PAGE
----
Tue | Sep 18, 2018

Pakistan surprise South Africa at Cricket World Cup

Published:Sunday | March 8, 2015 | 12:00 AM
Pakistan's Wahab Riaz (left) runs to his teammate Mohammad Irfan as they celebrate their 29 runs win over South Africa in their Cricket World Cup Pool B match in Auckland, New Zealand, yesterday.
South African batsman Quinton De Kock walks from the field after he was dismissed for no score during their Cricket World Cup Pool B match in Auckland, New Zealand, yesterday.

AUCKLAND, New Zealand (AP):

Pakistan pulled off a surprise 29-run win over South Africa in the World Cup yesterday after Proteas captain A.B. de Villiers couldn't manage to carry his team to victory as his teammates collapsed around him.

Pakistan scored just 222 in their rain-affected innings at Eden Park and appeared headed for defeat against South Africa's powerful batting line-up.

The Proteas, needing 232 to win under the Duckworth-Lewis system, raced to 67-1 after nine overs but then collapsed, losing five wickets for 35 runs. De Villiers led a rearguard South African comeback, smashing 77 off 58 balls, but it wasn't quite enough as the team was all out for 202.

The win puts Pakistan back in contention in the tournament after two early losses meant they were in a struggle just to make the quarter-finals.

"We started playing good cricket, some aggressive cricket, which I think Pakistan cricket is known for in the past," said coach Waqar Younis. "We started finding the right combination. People have started believing in themselves, players have started trusting their abilities."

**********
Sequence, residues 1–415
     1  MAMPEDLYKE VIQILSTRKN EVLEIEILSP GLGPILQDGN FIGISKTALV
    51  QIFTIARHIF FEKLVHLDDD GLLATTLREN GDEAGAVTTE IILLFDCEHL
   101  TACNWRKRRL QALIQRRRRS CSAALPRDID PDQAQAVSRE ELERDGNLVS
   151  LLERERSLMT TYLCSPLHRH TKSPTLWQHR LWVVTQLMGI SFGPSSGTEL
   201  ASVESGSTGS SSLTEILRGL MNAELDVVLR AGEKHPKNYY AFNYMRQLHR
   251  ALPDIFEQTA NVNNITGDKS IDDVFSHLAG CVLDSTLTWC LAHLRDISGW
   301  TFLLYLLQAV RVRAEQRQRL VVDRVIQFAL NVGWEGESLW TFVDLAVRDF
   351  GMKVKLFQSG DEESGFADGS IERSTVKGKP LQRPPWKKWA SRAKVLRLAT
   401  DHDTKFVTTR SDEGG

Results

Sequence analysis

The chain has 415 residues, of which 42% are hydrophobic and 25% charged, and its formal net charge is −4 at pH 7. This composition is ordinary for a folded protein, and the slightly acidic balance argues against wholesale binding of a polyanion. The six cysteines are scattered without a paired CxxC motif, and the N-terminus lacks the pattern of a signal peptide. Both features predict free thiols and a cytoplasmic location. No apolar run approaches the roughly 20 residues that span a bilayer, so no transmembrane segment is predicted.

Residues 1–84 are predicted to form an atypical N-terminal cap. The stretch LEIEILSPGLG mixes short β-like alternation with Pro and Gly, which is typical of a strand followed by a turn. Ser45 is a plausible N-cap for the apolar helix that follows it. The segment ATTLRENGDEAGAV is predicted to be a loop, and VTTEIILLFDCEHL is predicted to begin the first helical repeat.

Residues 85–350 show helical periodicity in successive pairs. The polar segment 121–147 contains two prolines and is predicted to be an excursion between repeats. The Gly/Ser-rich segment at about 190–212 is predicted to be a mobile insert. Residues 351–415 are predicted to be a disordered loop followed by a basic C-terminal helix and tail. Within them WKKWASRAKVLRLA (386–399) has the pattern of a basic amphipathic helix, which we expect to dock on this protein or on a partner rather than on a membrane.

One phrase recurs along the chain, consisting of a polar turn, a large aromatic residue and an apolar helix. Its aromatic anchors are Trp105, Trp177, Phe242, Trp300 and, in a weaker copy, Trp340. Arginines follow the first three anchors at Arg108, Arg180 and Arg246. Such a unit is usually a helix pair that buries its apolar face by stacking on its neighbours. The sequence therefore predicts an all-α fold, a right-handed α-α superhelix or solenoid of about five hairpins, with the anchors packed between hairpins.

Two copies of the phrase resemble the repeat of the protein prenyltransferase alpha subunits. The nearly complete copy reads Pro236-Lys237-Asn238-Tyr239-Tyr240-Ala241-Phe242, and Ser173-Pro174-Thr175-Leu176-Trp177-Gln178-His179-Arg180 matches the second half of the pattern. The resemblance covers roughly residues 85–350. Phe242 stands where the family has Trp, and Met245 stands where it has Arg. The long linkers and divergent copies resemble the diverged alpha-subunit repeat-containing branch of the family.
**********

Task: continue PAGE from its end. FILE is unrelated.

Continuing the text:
Pakistan wicketkeeper Sarfraz Ahmed won man-of-the-match honours after scoring 49 and then equalling the world record for a one-day match by taking six catches. It was his first game in the tournament, after he was brought in as a replacement for struggling opener Nasir Jamshed.

De Villiers said it felt like South Africa didn't have enough energy.

"I just could feel that nothing was really happening at 100 percent," he said. "It was almost like a car that's stuck in second or third gear, and that's not going to win you cricket games, especially not under pressure and in big tournaments like this."

Two rain delays during Pakistan's innings suspended play for about 75 minutes in total, reducing the match to 47 overs per side. In the end, neither side batted out their overs.

South Africa won the toss and sent Pakistan in to bat. A number of batsmen got off to promising starts but didn't follow through with big scores. Captain Misbah ul-Haq led the way with a solid knock of 56.

Pakistan put on 30 runs for the first wicket, the best start they have made in this World Cup after managing a top score of just 11 in their previous four games.

South Africa, after losing the early wicket of Quinton de Kock, appeared poised to crush Pakistan as they scored at more than seven runs per over. Opener Hashim Amla crashed eight consecutive fours to open his tally, finally hitting a two before smashing a ninth boundary.

But then FranÁois du Plessis was caught behind in the 10th over, sparking a surprising collapse. Amla, who had looked in complete control, was out the same way in the next over for 38 to a spectacular one-handed catch by Sarfraz.